SAVANNAH, GEORGIA, U.S. — Richard D. (Don) Sullins, Ph.D., received the William F. Geddes Memorial Award from AACC International for 2016. This honor, kept secret from the recipient until publicly announced at the annual meeting, honors the zeal and unselfish industry of an individual AACCI member and emphasizes the importance of his or her contribution to the work of the society. It is the group’s highest and most prestigious honor.

In a similar surprise announcement, AACCI’s Milling and Baking Division tapped Barbara Bufe Heidolph, a longtime division member and officer, to receive its Myron D. (Mike) Baustien Award for outstanding services enthusiastically rendered with personal dedication.

Sullins, who retired as vice-president of technical services for ADM Milling, Shawnee Mission, Kas., is now principal of Sullins Consulting, Colleyville, Texas. He is a 45-year member of AACCI and served as chairman of its Publications Committee, Kansas City Local Section, Scholarship Committee, The AACCI Foundation, as treasurer of the Protein Division and was on the board of the Milling and Baking Division. He also participated on AACCI’s Professional Development Panel and Nominating Committee. He currently chairs the group’s Industry Executive Forum.

Before joining industry, Sullins received his bachelor’s, master’s and doctorate degrees at Texas A&M University where he later taught for several years. His career took him to positions at Ralston Purina, Frito-Lay and ADM Milling. In 2015, Sullins received an honorary membership from the North American Millers Association, where he served on and chaired the group’s Technical Committee.

Over many years, Heidolph has been the Milling and Baking Division’s chairman, board member and advisor. She received AACCI’s Geddes award in 2010 when the group previously met at Savannah, and was named an AACCI Fellow in 2012. Heidolph also has served as a member of various AACCI committees. She is director, commercial applications and product development for Innophos, Cranbury, N.J., U.S. She holds a number of patents involving leavening.

As with previous awards, the audience starts guessing who the Geddes and Baustien award winners might be while the presenter reads their qualifications, carefully hedged to conceal identities until the last minute. For both Sullins and Heidolph, any uncertainty faded quickly because of their long participation in AACCI.

AACCI also made awards to several other members.

Charles R. Hurburgh Jr., Ph.D., professor of agricultural engineering at Iowa State University, was named an AACCI Fellow. He specializes in quality management systems involving traceability, rapid measurement and sensor technologies. His university extension group was asked by the Food and Drug Administration (F.D.A.) to create training materials for food safety inspections of bulk grain and grain processing facilities under the Food Safety Modernization Act, and he is a Lead Trainer for the F.D.A. Preventive Controls Qualified Individual certification program.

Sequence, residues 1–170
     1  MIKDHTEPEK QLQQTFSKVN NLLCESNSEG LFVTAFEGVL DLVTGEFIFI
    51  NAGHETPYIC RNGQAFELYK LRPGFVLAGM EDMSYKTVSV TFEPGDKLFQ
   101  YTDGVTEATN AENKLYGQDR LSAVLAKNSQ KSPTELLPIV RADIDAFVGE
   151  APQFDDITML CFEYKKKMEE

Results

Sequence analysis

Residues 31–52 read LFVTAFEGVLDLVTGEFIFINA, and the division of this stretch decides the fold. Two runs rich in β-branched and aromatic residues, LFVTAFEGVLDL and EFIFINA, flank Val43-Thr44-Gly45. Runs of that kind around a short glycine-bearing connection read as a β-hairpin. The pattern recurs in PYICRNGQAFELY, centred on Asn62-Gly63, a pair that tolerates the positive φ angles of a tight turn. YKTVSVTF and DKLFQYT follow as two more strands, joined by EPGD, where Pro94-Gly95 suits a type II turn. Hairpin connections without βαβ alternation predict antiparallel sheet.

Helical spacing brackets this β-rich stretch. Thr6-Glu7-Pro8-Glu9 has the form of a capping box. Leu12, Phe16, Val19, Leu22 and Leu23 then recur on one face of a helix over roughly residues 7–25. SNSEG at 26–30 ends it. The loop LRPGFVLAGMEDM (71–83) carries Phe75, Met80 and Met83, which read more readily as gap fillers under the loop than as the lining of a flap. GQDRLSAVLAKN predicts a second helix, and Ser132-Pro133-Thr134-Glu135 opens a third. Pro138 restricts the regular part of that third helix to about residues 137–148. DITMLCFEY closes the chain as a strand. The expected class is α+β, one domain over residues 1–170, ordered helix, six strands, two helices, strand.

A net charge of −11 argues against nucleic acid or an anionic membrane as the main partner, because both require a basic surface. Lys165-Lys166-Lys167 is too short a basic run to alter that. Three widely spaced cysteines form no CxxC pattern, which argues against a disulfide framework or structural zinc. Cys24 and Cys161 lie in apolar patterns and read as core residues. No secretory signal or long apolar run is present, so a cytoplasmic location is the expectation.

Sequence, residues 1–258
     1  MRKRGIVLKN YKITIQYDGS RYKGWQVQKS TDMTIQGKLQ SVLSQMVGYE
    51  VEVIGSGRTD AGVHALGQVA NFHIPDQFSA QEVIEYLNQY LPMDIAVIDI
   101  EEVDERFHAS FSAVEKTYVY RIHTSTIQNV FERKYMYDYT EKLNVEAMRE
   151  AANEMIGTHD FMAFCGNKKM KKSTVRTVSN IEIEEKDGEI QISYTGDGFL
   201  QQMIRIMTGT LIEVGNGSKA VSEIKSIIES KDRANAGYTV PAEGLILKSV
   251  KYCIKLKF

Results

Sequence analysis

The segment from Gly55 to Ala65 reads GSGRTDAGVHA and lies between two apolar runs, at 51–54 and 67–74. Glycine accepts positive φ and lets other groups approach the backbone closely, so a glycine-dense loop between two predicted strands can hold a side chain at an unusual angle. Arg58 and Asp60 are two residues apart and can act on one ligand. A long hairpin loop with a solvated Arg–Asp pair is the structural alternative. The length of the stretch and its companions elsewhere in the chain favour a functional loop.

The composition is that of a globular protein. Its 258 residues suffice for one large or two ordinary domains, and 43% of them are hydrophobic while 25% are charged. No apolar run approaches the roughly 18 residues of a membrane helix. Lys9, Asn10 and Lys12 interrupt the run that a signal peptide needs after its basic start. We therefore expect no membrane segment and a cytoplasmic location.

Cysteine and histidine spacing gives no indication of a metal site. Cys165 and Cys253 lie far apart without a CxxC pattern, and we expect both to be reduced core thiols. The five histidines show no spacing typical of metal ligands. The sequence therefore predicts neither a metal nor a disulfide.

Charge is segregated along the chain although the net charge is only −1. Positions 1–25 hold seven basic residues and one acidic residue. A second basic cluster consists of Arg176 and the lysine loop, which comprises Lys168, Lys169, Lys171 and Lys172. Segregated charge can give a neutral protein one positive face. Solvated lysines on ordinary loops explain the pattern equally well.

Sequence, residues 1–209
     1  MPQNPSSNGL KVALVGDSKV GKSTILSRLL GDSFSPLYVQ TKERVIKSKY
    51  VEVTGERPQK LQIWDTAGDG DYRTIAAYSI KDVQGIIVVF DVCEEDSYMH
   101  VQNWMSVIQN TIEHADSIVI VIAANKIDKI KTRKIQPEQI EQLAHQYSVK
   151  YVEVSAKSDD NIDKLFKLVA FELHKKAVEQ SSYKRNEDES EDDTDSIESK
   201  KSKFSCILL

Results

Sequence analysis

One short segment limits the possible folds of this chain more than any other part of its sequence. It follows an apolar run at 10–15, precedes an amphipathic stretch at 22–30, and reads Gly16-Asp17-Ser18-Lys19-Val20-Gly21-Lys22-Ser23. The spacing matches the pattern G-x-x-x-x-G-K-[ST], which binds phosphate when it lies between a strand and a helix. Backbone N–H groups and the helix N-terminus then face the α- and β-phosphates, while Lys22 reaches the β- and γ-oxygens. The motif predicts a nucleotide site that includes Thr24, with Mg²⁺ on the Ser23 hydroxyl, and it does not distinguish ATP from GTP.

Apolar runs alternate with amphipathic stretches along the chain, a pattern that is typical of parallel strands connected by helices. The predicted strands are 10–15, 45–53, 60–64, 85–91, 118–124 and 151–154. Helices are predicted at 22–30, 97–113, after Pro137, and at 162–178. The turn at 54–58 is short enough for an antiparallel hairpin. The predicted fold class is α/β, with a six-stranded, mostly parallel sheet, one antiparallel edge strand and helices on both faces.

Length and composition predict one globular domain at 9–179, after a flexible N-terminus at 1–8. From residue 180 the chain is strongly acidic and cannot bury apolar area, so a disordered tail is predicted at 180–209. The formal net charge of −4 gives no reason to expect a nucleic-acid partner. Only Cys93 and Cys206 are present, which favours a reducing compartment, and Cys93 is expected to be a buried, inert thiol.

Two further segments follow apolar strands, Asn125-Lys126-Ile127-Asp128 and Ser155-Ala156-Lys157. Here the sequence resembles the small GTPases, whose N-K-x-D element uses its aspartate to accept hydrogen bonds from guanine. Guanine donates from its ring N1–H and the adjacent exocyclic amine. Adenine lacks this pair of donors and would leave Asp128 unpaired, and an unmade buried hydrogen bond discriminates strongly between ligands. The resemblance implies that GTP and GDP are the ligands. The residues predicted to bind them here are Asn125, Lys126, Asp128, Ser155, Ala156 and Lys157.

Yong-Chen Shi, Ph.D., professor at Kansas State University’s Department of Grain Science and Industry, received the Phil Williams Applied Research Award. His work involves cereal carbohydrates, and he holds 15 patents. Shi gave the award’s lecture, “Developing Starch Products for Nutritional, Food and Industrial Applications,” at the 2016 annual meeting.

Wayne R. Moore, Ph.D., former director of research and laboratory services for ConAgra and director of quality for Miller Milling, was given the Edith A. Christensen Award for Outstanding Contributions in Analytical Methods. He is now principal of Wayne Moore Consulting, Tampa, Florida, U.S. Moore’s award lecture, “Laboratory Data (Mis)-Management,” took place during the 2016 annual meeting.

Joseph M. Awika, Ph.D., associate professor at Texas A&M University, was given the AACCI’s Excellence in Teaching Award. Awika teaches cereal processing and carbohydrate chemistry at undergraduate and graduate levels. His research focuses on the health benefits of grains, and he has graduated six Ph.D. and nine master’s students and advised another 10 Ph.D. and 31 master’s graduates.

Mario Jelke, Ph.D. (Dr.-Ing.), head of the Research Group Cereal Process Engineering at the Technical University of Munich, Germany, was honored with AACCI’s Young Scientist Research Award. He gave his award lecture, “Departure from Current Processes: Novel Structure Design Approaches for Cereal-Based Foods,” at the 2016 annual meeting. Jelke takes an interdisciplinary approach to study the structure of grain-based foods.

The 2019 Texture Technologies Quality Research Award went to four scientists who wrote the paper “Dough Strain Hardening Properties as Indicators of Baking Performance” published in the May/June 2015 issue of Cereal Chemistry. They were Julie Y. Kindelspire, Ph.D., cereal chemist, Post Cereal, Jonesboro, Arkansas, U.S., and three scientists from South Dakota State University: Melanie Caffé-Treml, Ph.D., an oat breeder; Karl D. Glover, Ph.D., a spring wheat breeder; and Padmanaban G. (Padu) Krishnan, Ph.D., a cereal chemist. Their paper discussed the importance of bread loaf volume as an economic criterion and identified extensibility parameters that contribute to strain-hardening, an important rheological property.

AACCI next meets in San Diego, California, U.S., on Oct. 8-11, 2017, at the Town and Country Resort and Convention Center.